The next commission I got was from the South African High Commission to unpack the South African suitcase, to work with young people in London to think about what it meant to be in Johannesburg and compare it to their life in Brixton, so these are my very own Norwood Girls [ slide ]. We worked at Norwood Girls’ School for several years running in our ‘Celebrate South Africa, People on the Move’, project that culminated in the Thames Festival, which I’ve heard has actually been cancelled this year.
This was in 2001 [ slide ] this is a male and female pair of puppets, and we then went on to do a whole series of projects that kind of unpacked the different cultural journeys into the UK, that then came back and created carnival as it is in the UK.
This is in Norwood Girls’ School [ slide ] again, second year running, and it was doing a project called, ‘Yemanja, who is a phenomenal Orisha Goddess. We went to Brazil to find out all about her and her powers, and this band was all about giving and receiving, and so the Norwood Girls’ School were doing the giving dance.
We also worked on the Isle of Wight. This was the beginning of our national model, where we worked in different regions around the UK and brought those different chapters, different sections of the carnival band together to tour together. We made some very large puppets of the Orisha Gods, and this one in the blue is the Yemanja; Yemanja had lots of children so those are all her little girl children.
In that procession we also had the [??? 6:25]. As all of you are aware, in Brazil the more mature women get to be the [???] and wear the very special big skirts, so the ladies of the Isle of Wight were our [???] in that Yemanja procession, which was really great.
We did another project, which was unpacking the history of carnival from Africa to the Caribbean to the UK, and it was celebrating and looking at emancipation and freedom, working with lots of different schools and lots of different people. Our three people here who I want to credit who were part of that [ slide ], there’s Lucille, who was with me from 1998 all the way into Kinetika based in Brixton, and on the left is Tamzyn French, who is now the Kinetika Bloco Project Manager, and Nicola Griffiths, who is our screen printer, so we’ve built a very strong core team of women that deliver our work.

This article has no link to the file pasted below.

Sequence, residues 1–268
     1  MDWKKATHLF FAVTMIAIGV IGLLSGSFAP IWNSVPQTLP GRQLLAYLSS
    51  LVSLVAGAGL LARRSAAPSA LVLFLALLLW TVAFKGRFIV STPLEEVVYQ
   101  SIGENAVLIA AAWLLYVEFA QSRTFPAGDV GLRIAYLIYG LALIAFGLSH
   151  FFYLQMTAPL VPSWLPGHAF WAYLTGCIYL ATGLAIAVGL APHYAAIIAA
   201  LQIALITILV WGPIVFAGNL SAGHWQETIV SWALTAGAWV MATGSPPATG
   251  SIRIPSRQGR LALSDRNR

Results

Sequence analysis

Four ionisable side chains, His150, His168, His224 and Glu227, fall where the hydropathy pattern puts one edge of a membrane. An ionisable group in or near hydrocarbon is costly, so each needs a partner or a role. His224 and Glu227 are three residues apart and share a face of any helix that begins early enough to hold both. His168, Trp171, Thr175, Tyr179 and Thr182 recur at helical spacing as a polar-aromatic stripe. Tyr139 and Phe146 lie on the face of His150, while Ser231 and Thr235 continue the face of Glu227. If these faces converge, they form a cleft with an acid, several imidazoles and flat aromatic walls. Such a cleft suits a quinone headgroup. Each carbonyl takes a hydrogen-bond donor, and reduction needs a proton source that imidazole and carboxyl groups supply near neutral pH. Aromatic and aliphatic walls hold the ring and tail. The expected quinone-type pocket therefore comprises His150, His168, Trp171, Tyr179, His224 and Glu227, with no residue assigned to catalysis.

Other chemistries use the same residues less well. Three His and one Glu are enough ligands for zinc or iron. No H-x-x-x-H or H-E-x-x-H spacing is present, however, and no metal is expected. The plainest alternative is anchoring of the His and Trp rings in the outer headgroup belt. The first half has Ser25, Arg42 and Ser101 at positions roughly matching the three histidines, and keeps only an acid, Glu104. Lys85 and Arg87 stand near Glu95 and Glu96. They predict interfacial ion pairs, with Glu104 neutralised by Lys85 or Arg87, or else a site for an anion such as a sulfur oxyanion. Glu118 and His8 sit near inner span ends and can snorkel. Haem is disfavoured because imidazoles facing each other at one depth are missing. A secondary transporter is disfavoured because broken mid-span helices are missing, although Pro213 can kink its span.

Here is our band in Notting Hill Carnival [ slide ], and some more young women from Paddington Arts there.
One of the biggest projects we did, and most special to me, was called ‘Din Shuru’ and it traced the journey from India to Trinidad to the UK, and I wanted to celebrate the Indian influence on carnival, and it was very hot in the middle of carnival politics.
[ slide ] this was our third year in Norwood Girls’ School, and we were creating a dance section which was celebrating the Festival of Holi, but also Phagwah, in Trinidad. This project started in the UK, well actually I researched in Calcutta, where the boats left from India to Trinidad, and we worked with two amazing artists from India to develop the work. One of them is Tanya [??? 8:16], who I really wanted to credit. This was a very big collaboration between me and Tanya, who’s a much respected, well-known choreographer in Calcutta. She’d never done carnival before and outdoor dance, and she really threw herself into choreographing sections, and we created this very special journey. In the UK we worked in Leicester, Isle of Wight, London and Canterbury, and then we were invited to take it back to India.
This is Helen Davenport [ slide ] who was part of this project, another amazing woman who started with me on the Isle of Wight in 2000. She’s been one of our core artists, she came to India with us and now she runs her own company, just to show you how the legacy of these projects work.
That is our section in Calcutta [ slide ] where we had about 1,000 people on the road. One of the things I loved about this, which is going back into archive and heritage, is this journey. I researched it in India and it literally followed the journey of the indentured labourers to Trinidad, migration from Trinidad to the UK, and we got to take it back to Calcutta, and we got to perform this right outside the Hooghly, which is where the boats left, and on the final moment of the procession we performed at sunset in front of the Victoria Memorial building, which is basically the head of the Empire. We had [??? 9:40], which means ‘day breaks’, but the end of the procession was called [??? 9:42], ‘the sun sets on the Empire’, so it was really about how you make history come alive.